Designers love systems. We love creating architectures to organize features, wireframes to provide access to functionality, and flows to provide a sense of navigation. We create guidelines and principles to ensure consistency across screens, platforms, and versions. We document transitions, we inventory the competition, and we define our audience.
We go through these processes to meticulously plan every detail of a design, only to be surprised when usability tests reveal that users can’t understand the application, or to find that in production our favorite features are neglected.
When getting into the guts of designing technical systems, what can we do to remember the humans?
The Conceptual Model keeps our users front of mind in a process that often ends up driven by busness needs or technical constraints.
A Conceptual Model goes beyond lists of user needs and goals. It gets into the details of what the user understands from other experiences (both digital and beyond), and it looks at how the relationships between different concepts can be optimized to reduce the cognitive load on the user. A simplicity-seeking approach encourages the combination of concepts that are similar to each other and the elimination of concepts that don’t have strong relationships with others.
Keep it simple
Do I heart or star this song? How many stars equal a heart?
Let’s look at iTunes for an example of how the Conceptual Model might be used to create a more coherent user experience. The screenshot below shows that it’s possible to rate music in one of two ways. The user can either rate using stars or can heart it. The star ratings are only available for music in the user’s library, while hearts are available on all items. It’s possible to star-rate or heart albums or songs, but some views only offer partial options. A Conceptual Model might have saved the trouble of asking users to understand two concepts serving the same purpose. Or perhaps these two concepts serve very important purposes, in which case the design should be explicit in helping the user to understand when to use one or the other feature.
The consideration doesn’t stop there! It’s important to also consider what other methods users have to rate content. Facebook uses likes while others have expanded heart to also include broken heart. Perhaps though, the most telling rating is the playcount, but this lacks the explicitness of a rating. Then there are reviews, bookmarks, shares, recommendations, and so on.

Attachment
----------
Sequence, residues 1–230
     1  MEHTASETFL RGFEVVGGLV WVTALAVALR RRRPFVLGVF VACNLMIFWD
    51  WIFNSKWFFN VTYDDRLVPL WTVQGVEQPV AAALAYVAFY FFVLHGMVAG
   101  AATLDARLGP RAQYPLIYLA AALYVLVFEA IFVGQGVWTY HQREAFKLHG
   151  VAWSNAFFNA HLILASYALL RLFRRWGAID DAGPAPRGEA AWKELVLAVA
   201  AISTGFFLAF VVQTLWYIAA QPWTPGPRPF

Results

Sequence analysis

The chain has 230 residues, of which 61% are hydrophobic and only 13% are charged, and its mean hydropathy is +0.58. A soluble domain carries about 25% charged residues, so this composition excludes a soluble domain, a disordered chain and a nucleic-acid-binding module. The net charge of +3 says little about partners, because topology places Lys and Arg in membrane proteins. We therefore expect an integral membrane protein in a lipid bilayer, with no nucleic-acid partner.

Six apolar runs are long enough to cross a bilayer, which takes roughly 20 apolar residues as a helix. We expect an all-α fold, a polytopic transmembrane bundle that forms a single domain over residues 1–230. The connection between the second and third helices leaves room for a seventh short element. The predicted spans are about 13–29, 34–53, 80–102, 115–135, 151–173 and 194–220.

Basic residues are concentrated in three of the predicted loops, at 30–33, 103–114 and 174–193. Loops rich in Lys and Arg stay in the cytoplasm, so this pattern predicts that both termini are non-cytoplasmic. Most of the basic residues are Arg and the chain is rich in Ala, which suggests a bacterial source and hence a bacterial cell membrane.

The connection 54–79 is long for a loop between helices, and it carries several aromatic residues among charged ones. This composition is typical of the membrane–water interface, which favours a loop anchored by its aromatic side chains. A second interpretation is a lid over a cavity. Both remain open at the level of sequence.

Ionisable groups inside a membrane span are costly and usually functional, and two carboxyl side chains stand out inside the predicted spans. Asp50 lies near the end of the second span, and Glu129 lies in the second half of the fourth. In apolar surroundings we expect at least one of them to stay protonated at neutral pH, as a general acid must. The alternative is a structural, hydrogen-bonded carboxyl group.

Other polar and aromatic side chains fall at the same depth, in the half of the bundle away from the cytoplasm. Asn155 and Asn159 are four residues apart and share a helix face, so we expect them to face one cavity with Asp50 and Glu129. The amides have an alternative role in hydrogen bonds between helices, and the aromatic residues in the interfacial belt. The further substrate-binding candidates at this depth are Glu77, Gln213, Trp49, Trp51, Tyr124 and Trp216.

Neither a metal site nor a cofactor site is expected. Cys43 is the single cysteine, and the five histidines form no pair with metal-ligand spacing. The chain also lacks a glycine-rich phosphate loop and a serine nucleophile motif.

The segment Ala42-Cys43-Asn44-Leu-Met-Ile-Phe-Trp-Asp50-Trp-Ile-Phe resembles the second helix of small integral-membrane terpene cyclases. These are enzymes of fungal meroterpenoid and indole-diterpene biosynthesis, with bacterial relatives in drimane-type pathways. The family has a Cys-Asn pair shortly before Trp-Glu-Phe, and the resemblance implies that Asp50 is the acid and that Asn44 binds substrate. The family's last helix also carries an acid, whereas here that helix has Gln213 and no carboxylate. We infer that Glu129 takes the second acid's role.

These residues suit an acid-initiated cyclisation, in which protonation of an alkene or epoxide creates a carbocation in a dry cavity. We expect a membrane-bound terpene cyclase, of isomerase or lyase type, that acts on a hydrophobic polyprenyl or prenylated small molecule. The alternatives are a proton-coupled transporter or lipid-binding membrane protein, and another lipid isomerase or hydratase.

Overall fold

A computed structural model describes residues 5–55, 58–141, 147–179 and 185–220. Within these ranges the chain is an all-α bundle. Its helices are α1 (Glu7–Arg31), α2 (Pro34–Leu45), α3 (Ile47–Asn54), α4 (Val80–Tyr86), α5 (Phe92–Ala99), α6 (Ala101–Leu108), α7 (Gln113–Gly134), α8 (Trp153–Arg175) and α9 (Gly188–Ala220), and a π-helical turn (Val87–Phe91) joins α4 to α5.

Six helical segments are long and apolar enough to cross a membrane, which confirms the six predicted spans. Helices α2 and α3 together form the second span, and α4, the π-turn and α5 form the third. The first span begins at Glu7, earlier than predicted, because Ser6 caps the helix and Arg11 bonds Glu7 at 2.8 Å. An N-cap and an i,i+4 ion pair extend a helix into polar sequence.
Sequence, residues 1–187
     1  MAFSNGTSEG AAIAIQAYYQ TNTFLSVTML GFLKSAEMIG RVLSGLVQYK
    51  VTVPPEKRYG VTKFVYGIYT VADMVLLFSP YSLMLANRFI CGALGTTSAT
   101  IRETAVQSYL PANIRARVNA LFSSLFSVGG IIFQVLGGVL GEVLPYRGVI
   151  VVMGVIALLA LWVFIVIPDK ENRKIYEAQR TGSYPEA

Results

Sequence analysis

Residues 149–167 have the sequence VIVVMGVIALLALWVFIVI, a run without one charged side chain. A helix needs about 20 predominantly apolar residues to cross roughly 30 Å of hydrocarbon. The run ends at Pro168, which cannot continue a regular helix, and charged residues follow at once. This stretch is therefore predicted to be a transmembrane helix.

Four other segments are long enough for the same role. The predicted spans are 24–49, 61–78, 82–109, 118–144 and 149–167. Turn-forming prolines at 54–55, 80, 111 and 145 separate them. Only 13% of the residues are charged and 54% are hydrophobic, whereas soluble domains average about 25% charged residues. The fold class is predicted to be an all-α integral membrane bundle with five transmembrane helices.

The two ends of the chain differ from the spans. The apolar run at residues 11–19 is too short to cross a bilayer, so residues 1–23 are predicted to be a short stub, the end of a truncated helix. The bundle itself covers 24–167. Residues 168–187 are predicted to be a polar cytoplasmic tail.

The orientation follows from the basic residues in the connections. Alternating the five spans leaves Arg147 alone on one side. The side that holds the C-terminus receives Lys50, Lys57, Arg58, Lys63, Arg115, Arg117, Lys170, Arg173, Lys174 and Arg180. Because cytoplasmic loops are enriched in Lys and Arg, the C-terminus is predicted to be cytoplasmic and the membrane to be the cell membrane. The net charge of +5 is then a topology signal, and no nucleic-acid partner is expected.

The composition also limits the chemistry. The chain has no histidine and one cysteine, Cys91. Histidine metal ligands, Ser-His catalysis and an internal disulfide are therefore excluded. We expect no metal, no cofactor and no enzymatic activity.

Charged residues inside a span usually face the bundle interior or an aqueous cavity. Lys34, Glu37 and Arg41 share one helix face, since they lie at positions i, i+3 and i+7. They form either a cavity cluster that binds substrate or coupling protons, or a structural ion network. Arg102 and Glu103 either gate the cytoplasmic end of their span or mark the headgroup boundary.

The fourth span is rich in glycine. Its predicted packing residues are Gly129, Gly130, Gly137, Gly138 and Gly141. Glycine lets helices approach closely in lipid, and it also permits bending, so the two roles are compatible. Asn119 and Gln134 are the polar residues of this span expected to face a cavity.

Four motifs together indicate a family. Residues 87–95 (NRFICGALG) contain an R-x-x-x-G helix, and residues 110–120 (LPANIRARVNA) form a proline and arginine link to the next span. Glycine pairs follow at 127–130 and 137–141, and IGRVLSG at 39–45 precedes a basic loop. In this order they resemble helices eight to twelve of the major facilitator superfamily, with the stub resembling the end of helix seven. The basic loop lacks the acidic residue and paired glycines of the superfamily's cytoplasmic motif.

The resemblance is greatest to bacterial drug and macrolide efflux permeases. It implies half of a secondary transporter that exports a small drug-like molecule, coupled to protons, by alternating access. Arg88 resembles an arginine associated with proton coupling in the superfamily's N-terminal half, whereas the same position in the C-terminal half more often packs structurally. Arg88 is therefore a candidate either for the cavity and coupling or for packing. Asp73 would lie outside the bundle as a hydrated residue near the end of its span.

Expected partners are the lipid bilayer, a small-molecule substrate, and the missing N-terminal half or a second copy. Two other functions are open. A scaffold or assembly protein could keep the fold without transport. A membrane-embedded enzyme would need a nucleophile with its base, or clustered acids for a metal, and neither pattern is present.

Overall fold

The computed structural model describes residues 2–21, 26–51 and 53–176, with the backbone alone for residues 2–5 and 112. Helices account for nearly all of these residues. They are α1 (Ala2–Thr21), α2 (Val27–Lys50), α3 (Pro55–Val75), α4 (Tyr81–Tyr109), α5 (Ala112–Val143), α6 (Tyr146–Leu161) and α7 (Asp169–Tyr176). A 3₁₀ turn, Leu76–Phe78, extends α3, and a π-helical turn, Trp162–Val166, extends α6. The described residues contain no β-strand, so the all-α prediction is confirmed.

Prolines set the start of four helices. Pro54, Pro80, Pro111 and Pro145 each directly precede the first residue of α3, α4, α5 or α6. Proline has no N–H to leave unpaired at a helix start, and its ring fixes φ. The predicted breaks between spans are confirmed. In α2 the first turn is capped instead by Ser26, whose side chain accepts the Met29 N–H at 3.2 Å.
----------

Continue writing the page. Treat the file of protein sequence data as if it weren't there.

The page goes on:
It’s easy for machines (who don’t carry a cognitive load) to process these many concepts, and it’s perhaps even easier for a product manager to imagine a user who will use every feature. Here the Conceptual Model not only provides a tool for synthesis, it also serves as a means of alignment behind the goals of simplicity and comprehensibility.
Beware of novelty
Perhaps more important than serving as a tool to assess the how of a feature, the Conceptual Model reduces the chances of creating an app whose novelty results in uselessness. Most users enjoy the tickle of a clever bit of interaction or an occasional punny icon, but an app full of unique features is bound to create confusion.
Conceptual Model cards should have the name of the concept, a place for familiar concepts, and a place to draw or write notes. Make sure to have some blanks – new concepts always arise!
In The Artificial’s practice, we print cards for the different concepts we expect a user to understand and note where we can find inspiration in analogous experiences versus where we expect the user to learn something new. New has two possibilities. The first and most likely is the addition of cognitive load. The second, and far rarer, is brand opportunity. Everyone wanted to copy Path’s floating navigation button while many complain about Google’s floating action button. In this case, the novelty was interesting and made an otherwise forgettable app worth talking about (to designers at least).
So how can app product managers and designers differentiate in a saturated market without overwhelming their users? It makes sense that limiting to concepts that users are already familiar with limits innovation. Yes and no. Nobody wants to create an experience that fails because it’s “before its time.” If you have a game-changing concept, introduce it slowly. While a user might balk at foreign concepts, slowly introducing new ideas via familiar concepts will help change what your user considers foreign. Twitter has a history of changing the way we message. Consider the hashtag or the at-reply. It seems natural that Slack would use these features and oddly antiquated that email does not.
Don’t forget the humans
When designing systems, don’t forget the humans. Creating and maintaining the Conceptual Model helps align business needs and development costs with users’ expectations. It doesn’t matter if you’re a startup trying to balance differentiation with familiar or if you’re a large corporation trying managing a robust ecosystem of features – the Conceptual Model will help you to build a better, more usable, and even more joyful product.